The Black Arts Movement & Literary Activist Period
I threw myself into the Black Arts Movement in 1968; three years after BAM began with the publication of my first collection of anti-drug poetry, Dope Hustler’s Jazz. The Black Arts Movement is known as the most important event certainly in African American literature, and perhaps, even overall American literature, in modern times. It came about after the death of Malcolm X when Beat Movement poet, author, and editor LeRoi Jones moved to Harlem, changed his name and established the Harlem Repertory Theater; an event that garnered movements across the country that developed into the esthetic arm of the Black Power Movement.
The events that brought about the book were these:
I had just finished my involvement in a neighborhood organization called the Betterment League. The organization was created to try to distract the young people in our community from heron and other drugs which were taking a toll on the community in terms of lives wasted, increased crimes, violent streets and a higher school drop-out rate. The neighborhood was the Amsterdam Projects Community which interlaced with the newly gentrified Lincoln Square Center area of high arts and culture and rich white folks.
I served as kind of a minister of information. I controlled the organization’s communications with the community and the public. I led a small band of dissidents within the group who wanted to tackle the problem of drug dependency head-on instead of only pacifying the community’s youth with summer distractions like resort outings, team sports and cultural programs – we knew the source of the drugs in the neighborhood – my group of dissidents wanted to follow the lead of the Black Panthers in confronting those endangering our community. The Elders in the organization held the power and they were unmovable. I resigned from the Betterment League to strike out on my own.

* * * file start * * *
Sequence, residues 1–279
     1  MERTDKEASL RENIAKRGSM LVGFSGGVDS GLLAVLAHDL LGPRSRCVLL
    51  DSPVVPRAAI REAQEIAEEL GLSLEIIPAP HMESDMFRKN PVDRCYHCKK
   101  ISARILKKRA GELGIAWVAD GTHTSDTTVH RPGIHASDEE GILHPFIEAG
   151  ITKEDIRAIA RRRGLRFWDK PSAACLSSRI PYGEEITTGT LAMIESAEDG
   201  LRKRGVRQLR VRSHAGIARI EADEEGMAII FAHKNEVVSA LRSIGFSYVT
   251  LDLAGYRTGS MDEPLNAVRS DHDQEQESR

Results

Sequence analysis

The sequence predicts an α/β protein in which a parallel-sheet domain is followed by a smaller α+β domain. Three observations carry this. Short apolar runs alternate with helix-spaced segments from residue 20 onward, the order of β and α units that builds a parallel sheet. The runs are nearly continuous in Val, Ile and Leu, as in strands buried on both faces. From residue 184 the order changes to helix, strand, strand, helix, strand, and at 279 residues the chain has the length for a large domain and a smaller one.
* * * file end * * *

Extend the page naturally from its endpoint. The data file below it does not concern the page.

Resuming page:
I had gone on more than one occasion to pull friends out of neighborhood drug-dens full of neighborhood guys I knew. Sometimes I even sat and listened to the conversations and saw groups of them go to a back room to shoot-up. These were neighborhood guys I knew and grew up with so they were tolerant of my interfering and some of them even admired me for pulling certain of them away from the den. A close friend who got strung-out on heron decided to join a rehabilitation program in Harlem, after I repeatedly towed him off from the den. It was while visiting him there that I got the idea that my liberation poetry could be directed towards the problem. I realized right off that the poems had to be realistic and depict the problem in an authentic manner. In a short while, because of my familiarity with the dope scene, I was able to assemble enough anti dope material to publish Dope Hustler’s Jazz in the summer of 1968, a year of American trauma.
Over the next four years I delivered another collection of anti-drugs poetry and a collection of short fiction with the same theme. In 1969, the Negro Book of the Month Club gave me an award for my anti-drugs efforts and I was invited to read my works at venues around New York City and upstate colleges.